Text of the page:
When he sees how they eat — with that definable difference between healthy teenage appetite and stark hunger — it occurs to Steve Sorrenti that some of the kids in Sir Charles Tupper”s homework club might not have eaten in the previous 24 hours.
“It could be their only decent meal of the day. Who knows what they are getting at home?” says Sorrenti.
But the way the food gets devoured, his speculation is less a question than a conviction that the answer’s likely “not much, if anything.”
“When you look at the way some of these kids are eating you go ‘wow” why are they eating so much?”
Everybody in this little existential drama has a problem.
The kids’ problem is hunger.
Sorrenti’s is that he doesn’t have enough food to feed them.
And as for what he can give them being “decent” that’s really just an expression.
For what food he distributes — half a peanut butter and jelly sandwich and a few pieces of fruit and vegetables — is far from being decent or adequate.
“We can’t even afford the good peanut butter, just the sugary crap,” says Sorrenti, a youth worker at the Vancouver secondary school on East 24th Ave.
“These are teenagers and they’d like a full sandwich but there’s times I can’t do that, I have to limit them to just a half. And I’d like to give them a full apple, too, instead of small slices.”
It’s the reason behind his application to The Vancouver Sun’s Adopt-A-School campaign for $3,600 so he can provide nutritious and healthy food to the 150 students a week who attend the homework club on Tuesdays and Thursdays.
“If we had the money I’d like to offer them fresh fruit and vegetables — a whole apple each. We need to give them something better than peanut butter and jelly. We want to give them meat and cheese, a proper sandwich.
“We’d like to get them humus, whole grain crackers and bread and things like halal meat because some of these kids have special dietary needs.”
Over the years the food for the homework club has come from a grant from the Parents Advisory Counsel but this is proving inadequate.
“We used to have about 90 kids a week but now we’re getting 150 and our food budget’s the same.”
Even just serving peanut butter and jelly sandwiches he’ll be out of money by the end of November.
And if that happens one of the homework club’s main attractions to students who need it will disappear.
“We know food is an incentive for a lot of students and we know there are a lot of students whose nutritional needs are not being met,” he said.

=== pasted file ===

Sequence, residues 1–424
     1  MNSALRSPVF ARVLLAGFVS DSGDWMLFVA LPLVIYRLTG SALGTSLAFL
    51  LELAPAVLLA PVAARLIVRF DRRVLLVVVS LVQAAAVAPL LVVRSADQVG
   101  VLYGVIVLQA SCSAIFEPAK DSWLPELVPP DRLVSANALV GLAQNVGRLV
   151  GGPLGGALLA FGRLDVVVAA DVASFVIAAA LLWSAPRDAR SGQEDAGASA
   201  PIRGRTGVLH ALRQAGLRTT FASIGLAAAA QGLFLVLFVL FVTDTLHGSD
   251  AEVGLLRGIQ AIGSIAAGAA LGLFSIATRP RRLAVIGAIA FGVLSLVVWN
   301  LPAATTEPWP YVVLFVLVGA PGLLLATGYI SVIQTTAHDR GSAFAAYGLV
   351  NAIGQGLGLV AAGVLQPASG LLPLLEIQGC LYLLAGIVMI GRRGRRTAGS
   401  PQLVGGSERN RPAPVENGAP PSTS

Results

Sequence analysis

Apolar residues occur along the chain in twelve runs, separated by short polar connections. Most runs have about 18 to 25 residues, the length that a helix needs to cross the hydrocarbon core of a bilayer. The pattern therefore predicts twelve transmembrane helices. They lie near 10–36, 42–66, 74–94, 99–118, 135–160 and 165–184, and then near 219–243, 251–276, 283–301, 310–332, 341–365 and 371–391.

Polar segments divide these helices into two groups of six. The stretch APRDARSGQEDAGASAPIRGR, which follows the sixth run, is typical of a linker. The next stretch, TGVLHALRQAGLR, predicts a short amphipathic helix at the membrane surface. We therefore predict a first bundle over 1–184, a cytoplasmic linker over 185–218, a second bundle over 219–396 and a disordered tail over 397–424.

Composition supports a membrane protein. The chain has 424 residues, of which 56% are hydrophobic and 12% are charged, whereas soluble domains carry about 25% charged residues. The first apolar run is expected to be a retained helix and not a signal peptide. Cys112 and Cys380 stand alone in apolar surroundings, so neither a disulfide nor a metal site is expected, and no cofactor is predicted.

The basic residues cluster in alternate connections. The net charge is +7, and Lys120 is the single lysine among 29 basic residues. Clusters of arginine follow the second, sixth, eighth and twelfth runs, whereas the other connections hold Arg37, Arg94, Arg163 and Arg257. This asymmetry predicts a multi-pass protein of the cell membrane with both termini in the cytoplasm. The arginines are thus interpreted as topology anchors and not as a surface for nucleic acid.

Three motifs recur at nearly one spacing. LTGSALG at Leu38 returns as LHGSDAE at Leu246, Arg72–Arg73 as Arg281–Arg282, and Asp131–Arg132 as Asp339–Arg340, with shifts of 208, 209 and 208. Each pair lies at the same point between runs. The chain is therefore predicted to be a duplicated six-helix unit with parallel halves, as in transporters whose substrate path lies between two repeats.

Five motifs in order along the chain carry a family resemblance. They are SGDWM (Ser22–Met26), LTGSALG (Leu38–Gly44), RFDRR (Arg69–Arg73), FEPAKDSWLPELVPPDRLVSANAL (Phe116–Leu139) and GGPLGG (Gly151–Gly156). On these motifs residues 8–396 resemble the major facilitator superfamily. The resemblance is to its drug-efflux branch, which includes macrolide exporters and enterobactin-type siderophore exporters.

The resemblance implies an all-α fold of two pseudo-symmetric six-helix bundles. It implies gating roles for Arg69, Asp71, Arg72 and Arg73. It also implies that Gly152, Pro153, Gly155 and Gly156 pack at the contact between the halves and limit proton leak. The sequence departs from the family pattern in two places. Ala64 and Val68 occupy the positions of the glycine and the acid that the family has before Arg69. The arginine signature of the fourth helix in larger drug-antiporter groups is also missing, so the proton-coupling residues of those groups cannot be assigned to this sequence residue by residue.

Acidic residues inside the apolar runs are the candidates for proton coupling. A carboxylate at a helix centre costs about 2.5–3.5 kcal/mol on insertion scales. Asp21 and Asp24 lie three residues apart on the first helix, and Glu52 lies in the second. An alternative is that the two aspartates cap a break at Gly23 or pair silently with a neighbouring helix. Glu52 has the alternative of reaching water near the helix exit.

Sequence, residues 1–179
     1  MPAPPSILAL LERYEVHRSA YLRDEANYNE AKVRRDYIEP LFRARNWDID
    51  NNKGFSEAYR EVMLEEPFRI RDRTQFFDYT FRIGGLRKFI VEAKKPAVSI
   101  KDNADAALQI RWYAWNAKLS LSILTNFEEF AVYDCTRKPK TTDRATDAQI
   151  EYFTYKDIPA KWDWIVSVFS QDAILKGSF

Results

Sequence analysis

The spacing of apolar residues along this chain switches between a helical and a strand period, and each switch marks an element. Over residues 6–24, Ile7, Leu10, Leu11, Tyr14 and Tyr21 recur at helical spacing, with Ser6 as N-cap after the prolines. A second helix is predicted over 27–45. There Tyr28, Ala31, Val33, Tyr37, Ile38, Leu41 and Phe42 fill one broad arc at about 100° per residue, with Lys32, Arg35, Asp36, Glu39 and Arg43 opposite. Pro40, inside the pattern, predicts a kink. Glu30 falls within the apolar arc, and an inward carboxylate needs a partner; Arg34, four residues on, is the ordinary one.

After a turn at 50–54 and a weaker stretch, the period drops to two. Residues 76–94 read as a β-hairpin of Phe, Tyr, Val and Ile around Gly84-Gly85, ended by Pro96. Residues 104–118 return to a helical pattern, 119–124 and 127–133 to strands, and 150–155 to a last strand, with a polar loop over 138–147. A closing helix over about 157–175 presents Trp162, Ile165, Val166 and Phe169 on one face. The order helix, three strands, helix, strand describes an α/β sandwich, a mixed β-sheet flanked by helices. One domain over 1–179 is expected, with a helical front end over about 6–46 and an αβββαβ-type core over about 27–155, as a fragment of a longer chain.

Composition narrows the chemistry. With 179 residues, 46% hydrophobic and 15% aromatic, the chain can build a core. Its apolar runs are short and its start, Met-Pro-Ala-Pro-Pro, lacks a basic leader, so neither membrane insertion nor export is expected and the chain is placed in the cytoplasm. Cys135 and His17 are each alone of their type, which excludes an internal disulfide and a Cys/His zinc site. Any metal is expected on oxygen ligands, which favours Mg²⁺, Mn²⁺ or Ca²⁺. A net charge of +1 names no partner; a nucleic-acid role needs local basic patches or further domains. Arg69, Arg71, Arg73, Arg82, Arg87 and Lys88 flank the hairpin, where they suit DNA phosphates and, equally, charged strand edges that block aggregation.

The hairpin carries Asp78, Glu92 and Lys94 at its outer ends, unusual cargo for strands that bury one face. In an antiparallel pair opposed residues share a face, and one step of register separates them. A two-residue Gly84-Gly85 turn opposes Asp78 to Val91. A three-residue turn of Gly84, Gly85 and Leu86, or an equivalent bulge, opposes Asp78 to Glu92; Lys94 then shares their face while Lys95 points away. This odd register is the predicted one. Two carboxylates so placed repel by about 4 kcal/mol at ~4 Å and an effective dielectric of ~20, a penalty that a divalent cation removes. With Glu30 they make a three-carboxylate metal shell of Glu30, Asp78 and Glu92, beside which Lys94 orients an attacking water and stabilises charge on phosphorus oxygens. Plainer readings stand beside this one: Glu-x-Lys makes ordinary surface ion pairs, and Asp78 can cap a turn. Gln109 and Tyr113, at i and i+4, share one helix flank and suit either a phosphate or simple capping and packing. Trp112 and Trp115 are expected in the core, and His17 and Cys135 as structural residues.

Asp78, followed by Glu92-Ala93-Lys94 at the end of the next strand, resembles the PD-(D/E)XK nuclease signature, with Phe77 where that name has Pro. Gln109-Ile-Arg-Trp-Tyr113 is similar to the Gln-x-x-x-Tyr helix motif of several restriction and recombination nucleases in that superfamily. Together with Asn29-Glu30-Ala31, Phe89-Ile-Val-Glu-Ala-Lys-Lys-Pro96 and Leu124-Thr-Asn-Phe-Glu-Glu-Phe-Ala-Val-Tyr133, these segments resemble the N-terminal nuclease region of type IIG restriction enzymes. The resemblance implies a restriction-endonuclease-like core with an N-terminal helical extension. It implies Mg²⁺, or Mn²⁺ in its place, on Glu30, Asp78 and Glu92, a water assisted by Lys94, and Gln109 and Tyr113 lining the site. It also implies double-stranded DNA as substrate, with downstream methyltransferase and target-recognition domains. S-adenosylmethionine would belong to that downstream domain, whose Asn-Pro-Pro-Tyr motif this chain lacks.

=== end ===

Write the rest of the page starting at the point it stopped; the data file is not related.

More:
“We have new Canadian families and refugees who are vulnerable and then there’s the gentrification of the area which makes it harder and harder for families to live here.
“We see large families living in small accommodation and their food budgets are tight and not all families are making good food choices especially as fruit and vegetables are expensive,” he said.
“I guess a third of our students would fall into the category of living in difficult situations.”
Sorrenti said the homework club’s importance to the students and community is profound.
“For some kids, going home after school isn’t that appealing because they are living in cramped basement suites or they are having trouble at home.
“But here we can support them. They meet with caring adults who can suggest services to help that they might not know about.
“We have UBC and SFU tutors and peer tutors to help them. We are not teachers so it’s a casual environment and less intimidating for some of them,” he said.
It’s popularity is obvious given that 15 per cent of the school’s 1,000 students stay behind each week for an extra three hours of work.
“It’s amazing we have students staying here until 6 p.m. and we have to ask them to leave. There’s not many programs that draw these kinds of numbers,” he said.
“It’s definitely making huge changes especially in vulnerable students who didn’t have much confidence. Every year we hear stories of students’ lives being turned around and them getting employment or entering post secondary because we’ve developed those relationships since Grade 8.”
By Gerry Bellett (email@example.com)